Some cloth systems we tested were much easier to use than others. The scoring of this metric was based on how user-friendly we found the closures, sizing, laundering and preparing the diaper for wear. We looked at the snaps to make sure they were sturdy and durable but not impossible to get undone. We took into account how many steps were involved in washing, drying and then putting the diaper back together again. We looked at how tricky it was to stuff the pocket or to fold the insert so it was ready for the next use. If the cover was reusable, we looked at how realistic it would be to change out the inserts without a big mess. We wanted to know which diapers stained or retained odors easily. If the diaper was one-size, we wanted to make sure that it wouldn't be rocket science to get it to fit on baby properly as he or she grows.
In our opinion, choosing cloth is an eco-conscious parenting decision from the get-go, both for baby and for the environment. With cloth, "what you see is what you get." They are absent of Super Absorbent Polymer, fragrances, and lotions that most if not all disposable diapers contain (and, at the time of publishing, ALL disposable diapers contain SAP). In addition, cloth diapering puts neither massive quantities of poop nor dirty diaper refuse into the landfill. Period. Yes, cloth does need to be laundered. The true cost of this has yet to be determined, but the last piece of credible evidence to suggest cloth diaper still wins out is:
These are some of the reasons that we feel strongly that cloth systems be scored on an elevated range of 7 to 9. Cloth truly embodies the mantra of "Reduce, Reuse, and Recycle." Breaking this down further, we gave a higher eco-health score to those manufacturers that use natural materials like organic cotton, bamboo, and hemp instead of synthetic fabrics like polyester and nylon. As well, we scored brands that utilize heat treatment in their lamination process, TPU, rather than chemical treatment used in PUL.
Our Top Pick for Eco-Health, GroVia Hybrid with GroVia Stay Dry Soaker Pad, which received a score of 9 of 10 in Eco-Health, uses both TPU laminate as well as Hemp and Cotton inside the insert, yet the polyester fleece used on the upper portion of the insert functions well to keep baby's skin dry. For comparison, our Editors' Choice, Rumparooz G2 received an Eco-Health score of 8 of 10, and Best Value Award winner, Flip Hybrid earned a 7 of 10 score.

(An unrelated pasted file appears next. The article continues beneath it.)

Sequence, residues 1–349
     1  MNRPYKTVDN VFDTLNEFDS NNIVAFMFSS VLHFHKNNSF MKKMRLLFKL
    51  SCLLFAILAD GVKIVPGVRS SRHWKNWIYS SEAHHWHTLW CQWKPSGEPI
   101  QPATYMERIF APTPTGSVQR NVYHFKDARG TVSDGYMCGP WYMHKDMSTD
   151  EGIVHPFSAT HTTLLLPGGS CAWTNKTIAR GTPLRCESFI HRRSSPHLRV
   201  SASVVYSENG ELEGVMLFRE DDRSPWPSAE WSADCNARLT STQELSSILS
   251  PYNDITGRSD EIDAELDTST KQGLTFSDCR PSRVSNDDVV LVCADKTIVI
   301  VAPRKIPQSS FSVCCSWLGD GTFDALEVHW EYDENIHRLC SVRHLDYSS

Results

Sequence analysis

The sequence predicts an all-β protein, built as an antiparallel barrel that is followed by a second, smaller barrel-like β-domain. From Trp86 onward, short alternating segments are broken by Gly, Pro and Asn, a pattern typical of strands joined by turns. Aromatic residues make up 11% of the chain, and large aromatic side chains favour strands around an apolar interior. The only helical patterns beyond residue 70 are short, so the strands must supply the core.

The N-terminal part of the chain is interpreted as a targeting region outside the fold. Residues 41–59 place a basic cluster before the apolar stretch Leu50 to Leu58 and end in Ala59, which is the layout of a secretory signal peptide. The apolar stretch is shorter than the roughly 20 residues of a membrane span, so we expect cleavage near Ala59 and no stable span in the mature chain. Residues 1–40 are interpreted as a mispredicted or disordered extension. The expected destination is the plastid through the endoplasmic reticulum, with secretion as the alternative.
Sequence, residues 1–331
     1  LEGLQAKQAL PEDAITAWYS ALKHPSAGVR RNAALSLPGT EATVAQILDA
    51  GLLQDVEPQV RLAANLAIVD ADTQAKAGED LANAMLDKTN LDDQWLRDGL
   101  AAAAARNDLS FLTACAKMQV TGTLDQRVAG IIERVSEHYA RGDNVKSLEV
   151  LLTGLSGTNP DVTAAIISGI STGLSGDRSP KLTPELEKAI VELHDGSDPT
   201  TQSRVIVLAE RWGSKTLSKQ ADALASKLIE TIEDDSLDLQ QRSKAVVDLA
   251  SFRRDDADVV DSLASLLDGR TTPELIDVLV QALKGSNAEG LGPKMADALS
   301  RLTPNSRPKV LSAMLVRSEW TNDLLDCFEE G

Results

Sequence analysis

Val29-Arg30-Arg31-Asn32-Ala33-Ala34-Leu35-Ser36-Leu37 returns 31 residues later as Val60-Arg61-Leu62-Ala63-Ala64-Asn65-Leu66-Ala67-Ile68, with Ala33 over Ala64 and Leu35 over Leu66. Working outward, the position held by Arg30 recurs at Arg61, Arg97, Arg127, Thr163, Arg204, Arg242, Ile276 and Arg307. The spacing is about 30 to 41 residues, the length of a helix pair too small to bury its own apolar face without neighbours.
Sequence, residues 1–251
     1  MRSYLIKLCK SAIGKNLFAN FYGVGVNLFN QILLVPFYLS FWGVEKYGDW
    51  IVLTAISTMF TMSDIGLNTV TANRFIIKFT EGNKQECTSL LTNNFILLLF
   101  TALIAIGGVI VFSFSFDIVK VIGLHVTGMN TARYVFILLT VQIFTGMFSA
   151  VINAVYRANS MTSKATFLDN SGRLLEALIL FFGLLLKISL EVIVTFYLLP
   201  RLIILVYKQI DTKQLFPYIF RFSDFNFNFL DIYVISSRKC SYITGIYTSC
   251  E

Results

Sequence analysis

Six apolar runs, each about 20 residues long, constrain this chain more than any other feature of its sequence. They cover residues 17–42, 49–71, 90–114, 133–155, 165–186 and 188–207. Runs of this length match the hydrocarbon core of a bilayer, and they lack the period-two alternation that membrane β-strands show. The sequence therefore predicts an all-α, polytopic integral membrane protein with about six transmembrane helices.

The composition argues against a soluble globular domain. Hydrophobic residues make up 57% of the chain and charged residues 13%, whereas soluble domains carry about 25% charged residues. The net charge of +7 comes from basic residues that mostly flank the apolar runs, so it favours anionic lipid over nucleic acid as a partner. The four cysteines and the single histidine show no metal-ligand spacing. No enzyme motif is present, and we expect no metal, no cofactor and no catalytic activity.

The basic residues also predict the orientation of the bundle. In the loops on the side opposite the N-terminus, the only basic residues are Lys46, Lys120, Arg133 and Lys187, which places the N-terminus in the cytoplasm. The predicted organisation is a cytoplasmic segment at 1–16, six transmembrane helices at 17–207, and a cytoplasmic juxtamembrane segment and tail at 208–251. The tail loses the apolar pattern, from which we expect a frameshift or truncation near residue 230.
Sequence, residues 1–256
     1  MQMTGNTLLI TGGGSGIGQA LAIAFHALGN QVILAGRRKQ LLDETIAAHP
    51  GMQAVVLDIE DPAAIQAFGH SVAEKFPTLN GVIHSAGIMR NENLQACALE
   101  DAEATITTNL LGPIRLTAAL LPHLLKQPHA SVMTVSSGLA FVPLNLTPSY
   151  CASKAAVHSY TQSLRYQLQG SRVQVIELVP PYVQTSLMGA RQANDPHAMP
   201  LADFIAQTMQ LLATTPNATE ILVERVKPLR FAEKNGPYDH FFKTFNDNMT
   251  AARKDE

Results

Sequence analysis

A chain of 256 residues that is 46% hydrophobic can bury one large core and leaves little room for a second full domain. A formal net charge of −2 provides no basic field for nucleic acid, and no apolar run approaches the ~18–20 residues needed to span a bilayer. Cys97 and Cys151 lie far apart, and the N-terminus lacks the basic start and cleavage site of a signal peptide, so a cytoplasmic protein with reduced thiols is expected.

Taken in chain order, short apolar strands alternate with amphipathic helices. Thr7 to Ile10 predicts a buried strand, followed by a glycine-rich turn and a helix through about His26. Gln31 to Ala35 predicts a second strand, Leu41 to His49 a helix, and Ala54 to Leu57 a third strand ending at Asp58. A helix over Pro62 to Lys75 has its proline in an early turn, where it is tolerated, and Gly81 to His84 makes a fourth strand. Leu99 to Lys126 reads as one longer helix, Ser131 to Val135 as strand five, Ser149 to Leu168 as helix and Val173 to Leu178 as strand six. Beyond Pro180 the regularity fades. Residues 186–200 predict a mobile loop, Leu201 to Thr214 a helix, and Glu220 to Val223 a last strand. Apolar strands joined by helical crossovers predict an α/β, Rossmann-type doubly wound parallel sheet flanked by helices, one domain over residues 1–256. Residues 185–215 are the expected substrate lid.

Estimated Lifetime Cost Comparison
In addition to scoring performance, we estimated lifetime cost for each competing system, attempting to do so in an "apples-to-apples" way, whether AIO, AI2, Hybrid, Pocket or Prefold or One-Size versus multi-Sized types. In figuring out the approximate number of covers and inserts needed per system, we made a judgement call assuming that both laundry would be done at a minimum of every 3 days (ideally 2-3 times/week) over a 3-4 year diapering period.
As a general rule of thumb, we recommend having 30 complete diaper sets at any one period. However, this is more complicated than meets the eye. In a diaper system such as the Flip diaper, 30 complete systems only requires 10 covers, 30 inserts. And since this is a one-size diaper, that is all that is needed for most babies. However, an AIO diaper system such as the BumGenius Freetime requires "x" . A diaper system such as the Thirsties Duo Wrap which comes in two sizes requires the purchase of "y."